4. Herman Bavinck, The Doctrine of God, (Great Britain: The Banner of Truth Trust, 1991 edition), p. 303.
5. Grudem, pp. 253-254.

Further Resources

Augustine, On the Trinity
Herman Bavinck, The Doctrine of God, pp. 255-334
Edward Bickersteth, The Trinity.
Wayne Grudem, Systematic Theology, chapter 14
Donald Macleod, Shared Life: The Trinity and the Fellowship of God's People
R.C. Sproul, The Mystery of the Holy Spirit
R.C. Sproul, Essential Truths of the Christian Faith, pp. 35-36
J.I. Packer, Knowing God, pp. 57-63.
John Piper, The Pleasures of God, chapter 1
James White, The Forgotten Trinity
Hmm.. Lets talk about whether Yahshua was created or not. What are your thoughts??
Word, in the Greek used in John 1:1 is Logos. Logos takes on the meaning of word, wisdom, the embodiedment of the divine idea, conception, or plan, reason.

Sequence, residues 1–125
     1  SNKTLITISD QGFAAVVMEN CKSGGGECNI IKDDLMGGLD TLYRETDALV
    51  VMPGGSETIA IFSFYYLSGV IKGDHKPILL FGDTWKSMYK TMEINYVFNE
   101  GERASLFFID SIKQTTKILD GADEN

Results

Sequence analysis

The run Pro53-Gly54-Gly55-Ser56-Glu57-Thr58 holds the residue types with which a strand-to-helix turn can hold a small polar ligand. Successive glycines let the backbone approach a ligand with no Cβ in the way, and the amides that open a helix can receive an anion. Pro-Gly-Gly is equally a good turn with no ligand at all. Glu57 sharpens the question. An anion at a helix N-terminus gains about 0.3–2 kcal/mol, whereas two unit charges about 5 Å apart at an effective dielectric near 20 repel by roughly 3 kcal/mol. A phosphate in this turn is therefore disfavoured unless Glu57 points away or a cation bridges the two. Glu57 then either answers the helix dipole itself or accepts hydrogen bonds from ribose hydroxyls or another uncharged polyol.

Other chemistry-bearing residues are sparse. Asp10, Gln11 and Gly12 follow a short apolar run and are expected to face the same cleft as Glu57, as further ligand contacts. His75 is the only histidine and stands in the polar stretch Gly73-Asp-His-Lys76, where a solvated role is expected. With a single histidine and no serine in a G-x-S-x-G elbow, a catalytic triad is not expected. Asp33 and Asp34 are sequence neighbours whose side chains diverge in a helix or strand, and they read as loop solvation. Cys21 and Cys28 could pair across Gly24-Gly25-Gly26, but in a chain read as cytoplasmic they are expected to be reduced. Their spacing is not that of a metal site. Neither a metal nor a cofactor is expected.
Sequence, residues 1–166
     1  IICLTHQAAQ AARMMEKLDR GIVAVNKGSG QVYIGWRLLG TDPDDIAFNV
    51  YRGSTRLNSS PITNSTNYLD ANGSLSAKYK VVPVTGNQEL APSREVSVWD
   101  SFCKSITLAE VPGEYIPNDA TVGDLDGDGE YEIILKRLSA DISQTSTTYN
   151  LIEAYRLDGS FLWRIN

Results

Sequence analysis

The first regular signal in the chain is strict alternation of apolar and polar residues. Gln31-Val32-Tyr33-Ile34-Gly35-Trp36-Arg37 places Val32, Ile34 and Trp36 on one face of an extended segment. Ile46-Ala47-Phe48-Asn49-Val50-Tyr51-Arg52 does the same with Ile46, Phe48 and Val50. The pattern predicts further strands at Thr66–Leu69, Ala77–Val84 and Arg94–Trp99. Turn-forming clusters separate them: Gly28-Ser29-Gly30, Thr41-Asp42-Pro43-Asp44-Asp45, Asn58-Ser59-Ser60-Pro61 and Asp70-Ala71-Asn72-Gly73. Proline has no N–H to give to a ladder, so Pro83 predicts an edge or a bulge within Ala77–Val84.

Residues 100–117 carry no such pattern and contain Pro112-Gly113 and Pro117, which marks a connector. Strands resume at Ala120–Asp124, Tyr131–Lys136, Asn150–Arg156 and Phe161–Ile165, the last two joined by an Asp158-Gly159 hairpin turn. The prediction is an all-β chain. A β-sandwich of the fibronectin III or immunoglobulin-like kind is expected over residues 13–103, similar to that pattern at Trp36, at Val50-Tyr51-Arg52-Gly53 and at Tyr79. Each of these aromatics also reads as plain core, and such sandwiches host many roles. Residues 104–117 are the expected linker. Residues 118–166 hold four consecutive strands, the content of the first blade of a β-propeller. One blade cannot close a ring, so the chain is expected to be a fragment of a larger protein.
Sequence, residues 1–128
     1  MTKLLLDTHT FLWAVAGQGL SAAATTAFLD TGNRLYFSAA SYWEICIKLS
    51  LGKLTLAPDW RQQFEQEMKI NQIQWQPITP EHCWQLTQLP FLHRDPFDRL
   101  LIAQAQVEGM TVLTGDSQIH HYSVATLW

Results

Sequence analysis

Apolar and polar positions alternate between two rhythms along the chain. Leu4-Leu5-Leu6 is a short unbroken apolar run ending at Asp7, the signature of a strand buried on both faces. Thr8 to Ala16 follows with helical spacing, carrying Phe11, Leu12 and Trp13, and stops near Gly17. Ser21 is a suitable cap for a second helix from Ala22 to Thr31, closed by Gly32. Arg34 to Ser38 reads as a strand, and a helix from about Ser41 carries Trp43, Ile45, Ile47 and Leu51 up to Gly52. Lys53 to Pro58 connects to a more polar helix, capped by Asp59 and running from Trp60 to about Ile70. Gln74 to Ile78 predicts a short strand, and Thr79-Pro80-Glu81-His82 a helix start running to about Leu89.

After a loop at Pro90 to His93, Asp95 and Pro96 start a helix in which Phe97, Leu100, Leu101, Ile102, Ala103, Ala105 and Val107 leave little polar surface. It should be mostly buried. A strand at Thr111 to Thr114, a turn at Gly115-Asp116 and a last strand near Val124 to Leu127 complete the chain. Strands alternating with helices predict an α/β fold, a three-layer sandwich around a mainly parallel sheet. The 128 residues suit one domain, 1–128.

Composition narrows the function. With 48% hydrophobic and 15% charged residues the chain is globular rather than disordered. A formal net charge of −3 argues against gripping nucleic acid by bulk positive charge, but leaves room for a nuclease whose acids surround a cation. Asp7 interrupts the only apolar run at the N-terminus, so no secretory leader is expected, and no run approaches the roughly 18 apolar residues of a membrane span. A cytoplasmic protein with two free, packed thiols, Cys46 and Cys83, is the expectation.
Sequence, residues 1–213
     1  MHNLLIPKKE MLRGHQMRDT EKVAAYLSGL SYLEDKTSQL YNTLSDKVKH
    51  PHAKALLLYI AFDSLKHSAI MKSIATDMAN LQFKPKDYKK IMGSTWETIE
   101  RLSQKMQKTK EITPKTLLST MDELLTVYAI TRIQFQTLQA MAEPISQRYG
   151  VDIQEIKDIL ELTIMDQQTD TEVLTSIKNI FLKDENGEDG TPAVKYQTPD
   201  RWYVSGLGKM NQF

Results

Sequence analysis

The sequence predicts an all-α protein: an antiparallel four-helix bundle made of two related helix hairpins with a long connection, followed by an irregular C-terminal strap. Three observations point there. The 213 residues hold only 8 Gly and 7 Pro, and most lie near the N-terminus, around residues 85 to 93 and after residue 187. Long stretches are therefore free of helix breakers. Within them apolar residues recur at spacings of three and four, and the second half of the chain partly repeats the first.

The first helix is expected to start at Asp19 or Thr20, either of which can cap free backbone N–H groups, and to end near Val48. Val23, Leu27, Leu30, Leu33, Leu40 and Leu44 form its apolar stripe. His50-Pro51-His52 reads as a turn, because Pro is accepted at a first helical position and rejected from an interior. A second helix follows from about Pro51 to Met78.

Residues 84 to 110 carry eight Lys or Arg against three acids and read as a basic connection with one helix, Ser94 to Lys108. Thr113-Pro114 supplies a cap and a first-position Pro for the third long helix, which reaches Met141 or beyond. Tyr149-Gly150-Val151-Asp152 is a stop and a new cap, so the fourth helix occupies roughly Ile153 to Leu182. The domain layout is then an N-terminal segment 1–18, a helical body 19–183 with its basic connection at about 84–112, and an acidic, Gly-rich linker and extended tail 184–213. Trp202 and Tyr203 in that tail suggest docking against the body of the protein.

Most certainly. It can truly be used to describe Yahshua. But, its not only a word, but all that I described there. Now, this word did not have flesh before it came to earth. The logos was sent to earth to dwell among us;having the very substance of God himself(Hebrews 1). This living word is truly our Lord Jesus Christ.
I read this mans paper. I dont like the terms GODHEAD. But he points out some valid points using scripture. Just somthing I thought you all might like to read.








By: Nick Norelli



Excerpted from:

The Defense of an Essential: A Believer’s Handbook for Defending the Trinity

Copyright © 2006

Nick Norelli



All rights reserved. No portion of this publication may be reproduced, stored in a retrieval system, or transmitted in any form or by any means—electronic, mechanical, photocopying, recording, or otherwise—without the prior written permission of the copyright owner.